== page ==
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St. Cloud chief: 'Lone attacker' drove mall stabbing rampage

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Sunday press conference after mall stabbing.
St. Cloud Police Chief William Blair Anderson and other officials hold a press conference Sunday, giving updated information on the Crossroads Center stabbings at the St. Cloud Police Department.
Jason Wachter | St. Cloud Times via AP

 Updated: 8:45 p.m. | Posted: 9:47 a.m.

A spasm of violence Saturday night at a popular St. Cloud shopping mall left 10 wounded and the suspect dead.

Authorities say Dahir Ahmed Adan, 20, attacked shoppers with a knife before he was confronted and shot by an off-duty police officer.

The violence appeared to be the work of a "lone attacker," officials said Monday, but they are looking at whether it was a potential act of terrorism.

"We haven't uncovered anything that would suggest other than a lone attacker at this point," St. Cloud Police Chief Blair Anderson said at a news conference with Minnesota Gov. Mark Dayton. "If that changes, we will be transparent about that."

Adan's family released its first public statement Monday night expressing condolences and well-wishes to the victims of the attack.

Dahir Adan's Facebook profile photo
Dahir Adan's Facebook profile photo
Facebook

Family members are grieving the loss of Adan and cooperating with the investigation, the statement said. 

Adan, a young Somali man dressed as a private security guard, entered the Crossroads Center mall Saturday wielding what appeared to be a kitchen knife. 

Anderson has said the man reportedly made at least one reference to Allah and asked a victim if he or she was Muslim before attacking. The man was shot dead by an off-duty police officer. None of the injured suffered life-threatening wounds.

The motive of Saturday's attack is still unclear, but FBI Special Agent-in-Charge Rick Thornton has said it is being investigated as a "potential act of terrorism." 

Injuries reported at a St. Cloud shopping mall.
People stand near the entrance on the north side of Crossroads Center mall between Macy's and Target.
St. Cloud Times via AP

The ISIS terror group claimed responsibility, but it wasn't clear whether the attacker was radicalized. 

Authorities were digging into his background and possible motives, looking at social media accounts and electronic devices and talking to his associates, Thornton said.

Leaders of Minnesota's large Somali community have condemned the stabbings, saying the Adan does not represent them and expressing fear of backlash.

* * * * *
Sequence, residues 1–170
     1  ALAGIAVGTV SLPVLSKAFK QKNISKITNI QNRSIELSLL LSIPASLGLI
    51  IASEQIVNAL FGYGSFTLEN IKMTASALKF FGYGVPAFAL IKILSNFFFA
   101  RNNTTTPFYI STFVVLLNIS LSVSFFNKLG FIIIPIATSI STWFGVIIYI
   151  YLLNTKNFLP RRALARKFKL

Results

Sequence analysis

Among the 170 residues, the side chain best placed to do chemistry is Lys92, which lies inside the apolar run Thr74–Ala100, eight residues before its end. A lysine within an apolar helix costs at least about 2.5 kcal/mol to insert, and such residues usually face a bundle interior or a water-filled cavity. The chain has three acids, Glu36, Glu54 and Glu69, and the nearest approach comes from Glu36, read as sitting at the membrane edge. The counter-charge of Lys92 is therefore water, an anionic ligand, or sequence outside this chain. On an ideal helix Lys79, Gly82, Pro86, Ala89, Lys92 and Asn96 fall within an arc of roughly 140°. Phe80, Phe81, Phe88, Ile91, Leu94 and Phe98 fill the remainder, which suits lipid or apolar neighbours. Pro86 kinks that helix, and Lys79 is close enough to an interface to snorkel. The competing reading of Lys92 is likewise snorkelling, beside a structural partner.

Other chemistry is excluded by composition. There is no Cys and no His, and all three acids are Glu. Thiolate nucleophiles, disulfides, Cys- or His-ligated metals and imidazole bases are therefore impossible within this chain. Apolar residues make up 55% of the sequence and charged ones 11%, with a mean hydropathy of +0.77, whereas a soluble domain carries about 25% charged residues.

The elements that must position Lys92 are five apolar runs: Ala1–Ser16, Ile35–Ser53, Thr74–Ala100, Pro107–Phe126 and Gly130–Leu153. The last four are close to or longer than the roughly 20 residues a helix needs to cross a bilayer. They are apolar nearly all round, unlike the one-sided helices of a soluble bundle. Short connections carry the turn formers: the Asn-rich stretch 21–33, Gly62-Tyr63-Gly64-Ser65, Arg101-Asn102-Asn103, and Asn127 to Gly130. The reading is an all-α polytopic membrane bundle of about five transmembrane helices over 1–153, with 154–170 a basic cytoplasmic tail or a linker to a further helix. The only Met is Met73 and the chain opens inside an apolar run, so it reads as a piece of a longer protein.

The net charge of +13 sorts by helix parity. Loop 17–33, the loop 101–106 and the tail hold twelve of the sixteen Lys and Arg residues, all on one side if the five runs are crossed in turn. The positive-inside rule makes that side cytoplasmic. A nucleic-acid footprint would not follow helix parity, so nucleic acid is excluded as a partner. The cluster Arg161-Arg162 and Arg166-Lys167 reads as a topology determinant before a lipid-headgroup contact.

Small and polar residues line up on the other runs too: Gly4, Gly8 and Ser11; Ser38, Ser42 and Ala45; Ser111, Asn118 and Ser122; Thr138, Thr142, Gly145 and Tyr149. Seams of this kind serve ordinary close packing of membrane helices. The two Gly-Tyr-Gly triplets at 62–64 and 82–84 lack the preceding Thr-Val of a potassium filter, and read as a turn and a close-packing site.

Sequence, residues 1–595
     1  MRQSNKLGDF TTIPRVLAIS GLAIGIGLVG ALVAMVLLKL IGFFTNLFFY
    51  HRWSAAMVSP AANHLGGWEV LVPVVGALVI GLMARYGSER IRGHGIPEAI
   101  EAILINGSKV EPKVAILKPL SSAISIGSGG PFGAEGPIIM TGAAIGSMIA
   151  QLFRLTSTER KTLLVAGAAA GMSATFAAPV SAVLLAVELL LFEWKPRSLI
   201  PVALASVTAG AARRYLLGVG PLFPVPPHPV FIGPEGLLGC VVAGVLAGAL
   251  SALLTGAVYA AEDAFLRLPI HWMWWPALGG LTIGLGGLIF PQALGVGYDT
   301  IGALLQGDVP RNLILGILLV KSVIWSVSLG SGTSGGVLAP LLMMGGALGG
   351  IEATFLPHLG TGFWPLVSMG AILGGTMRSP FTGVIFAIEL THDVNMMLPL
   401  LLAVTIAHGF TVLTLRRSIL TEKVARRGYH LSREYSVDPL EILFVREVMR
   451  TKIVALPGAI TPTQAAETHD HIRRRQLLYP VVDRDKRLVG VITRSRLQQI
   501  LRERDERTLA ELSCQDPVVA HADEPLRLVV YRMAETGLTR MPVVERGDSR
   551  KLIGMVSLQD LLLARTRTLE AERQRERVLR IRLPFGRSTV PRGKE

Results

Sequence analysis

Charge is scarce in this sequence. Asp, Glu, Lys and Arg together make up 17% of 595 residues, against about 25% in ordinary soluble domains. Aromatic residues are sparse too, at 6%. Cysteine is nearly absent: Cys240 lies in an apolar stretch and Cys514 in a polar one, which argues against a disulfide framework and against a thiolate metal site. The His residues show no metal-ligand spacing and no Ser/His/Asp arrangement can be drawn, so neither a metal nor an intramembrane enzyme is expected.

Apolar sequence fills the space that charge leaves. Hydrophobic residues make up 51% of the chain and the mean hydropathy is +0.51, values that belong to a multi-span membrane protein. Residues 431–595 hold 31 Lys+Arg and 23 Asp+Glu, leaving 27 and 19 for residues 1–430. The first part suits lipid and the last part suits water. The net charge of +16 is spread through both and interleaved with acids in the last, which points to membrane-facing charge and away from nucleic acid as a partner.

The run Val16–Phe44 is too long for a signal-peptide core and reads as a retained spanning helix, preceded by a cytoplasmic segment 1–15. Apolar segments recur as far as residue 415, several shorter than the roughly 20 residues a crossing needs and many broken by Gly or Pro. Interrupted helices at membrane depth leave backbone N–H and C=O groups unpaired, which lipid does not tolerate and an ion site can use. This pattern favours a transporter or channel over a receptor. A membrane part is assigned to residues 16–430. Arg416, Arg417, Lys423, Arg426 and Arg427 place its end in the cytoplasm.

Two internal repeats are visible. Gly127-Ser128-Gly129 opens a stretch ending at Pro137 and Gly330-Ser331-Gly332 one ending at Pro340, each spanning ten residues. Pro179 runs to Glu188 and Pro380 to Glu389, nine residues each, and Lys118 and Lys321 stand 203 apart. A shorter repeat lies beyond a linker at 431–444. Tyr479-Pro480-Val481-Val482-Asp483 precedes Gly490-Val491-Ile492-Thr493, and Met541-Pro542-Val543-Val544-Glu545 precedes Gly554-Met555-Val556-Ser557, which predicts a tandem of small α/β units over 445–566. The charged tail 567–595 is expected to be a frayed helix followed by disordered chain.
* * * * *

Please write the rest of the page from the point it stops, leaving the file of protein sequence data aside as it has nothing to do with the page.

Adan's family in its statement asked citizens to not jump to conclusions but let the investigation run its course.

"Our family loves St. Cloud and this state, and we are an integral part of the fabric of this society," it said. "Therefore, we urge the citizens of St. Cloud and of this state to stay united and let the law enforcement agencies gather the facts and do their jobs."

The family also asked for privacy.

Experts say that if Saturday's stabbings are ultimately deemed a terrorist act, it would be the first carried out by a Somali on U.S. soil. 

Rescue workers gather near Macy's at Crossroads.
Rescue workers gather near Macy's at Crossroads Center Saturday evening.
Dave Schwarz | St. Cloud Times

A news agency run by ISIS claimed Sunday that the attacker was a "soldier of the Islamic State" who had heeded the group's calls for attacks in countries that are part of a U.S.-led  coalition against ISIS, but it wasn't immediately known whether the extremist group had planned the attack or knew about it beforehand.

Authorities said Adan three previous encounters with police, mostly for minor traffic violations.

The man was an employee of the security firm Securitas and was assigned for a few months to an Electrolux facility. Securitas, in a statement, said Adan resigned in June. The company added that it has not been contacted by law enforcement but will cooperate if contacted.

A spokesman for St. Cloud State University confirmed that Adan was a student majoring in information systems, but hadn't been enrolled since the spring semester.

Anderson has said the man began attacking people right after entering the mall, stabbing people in several spots. The victims included seven men, one woman and a 15-year-old girl. All have been released.

Five minutes after authorities received the first 911 call, Jason Falconer, a part-time officer in the city of Avon who was there shopping, began shooting the attacker as he was lunging at him with the knife, Anderson said, and continued to engage him as the attacker got up three times.

"He clearly prevented additional injuries and potential loss of life," Anderson said.

The mall reopened Monday after being closed Sunday.

Sydney Weires, 18, and two of her friends saw a man who appeared to be a security guard sprinting down the hallway, and then two men stumbled out.

"One was covered in blood down his face," she said, and the other man had blood on his back. "They were screaming, 'Get out of the mall. Someone has a knife,'" Weires said.

Authorities at first said there were nine victims of the attack. Late Monday afternoon, officials said a tenth victim was identified and that the person did not initially seek out medical attention given the nature of the injury.

One of the 10 people injured in a stabbing at a central Minnesota mall says the man who carried out the attack showed no emotion and his eyes looked blank.

Ryan Schliep of Willmar, Minn., said he initially saw the attacker with a girl on Saturday and thought they were playing around. But he realized the situation was serious when the man "just walked right at me."

Schliep told WCCO-TV that he fell to the ground when the attacker stabbed him in the head.

Schliep and the other victims have all been released from the hospital.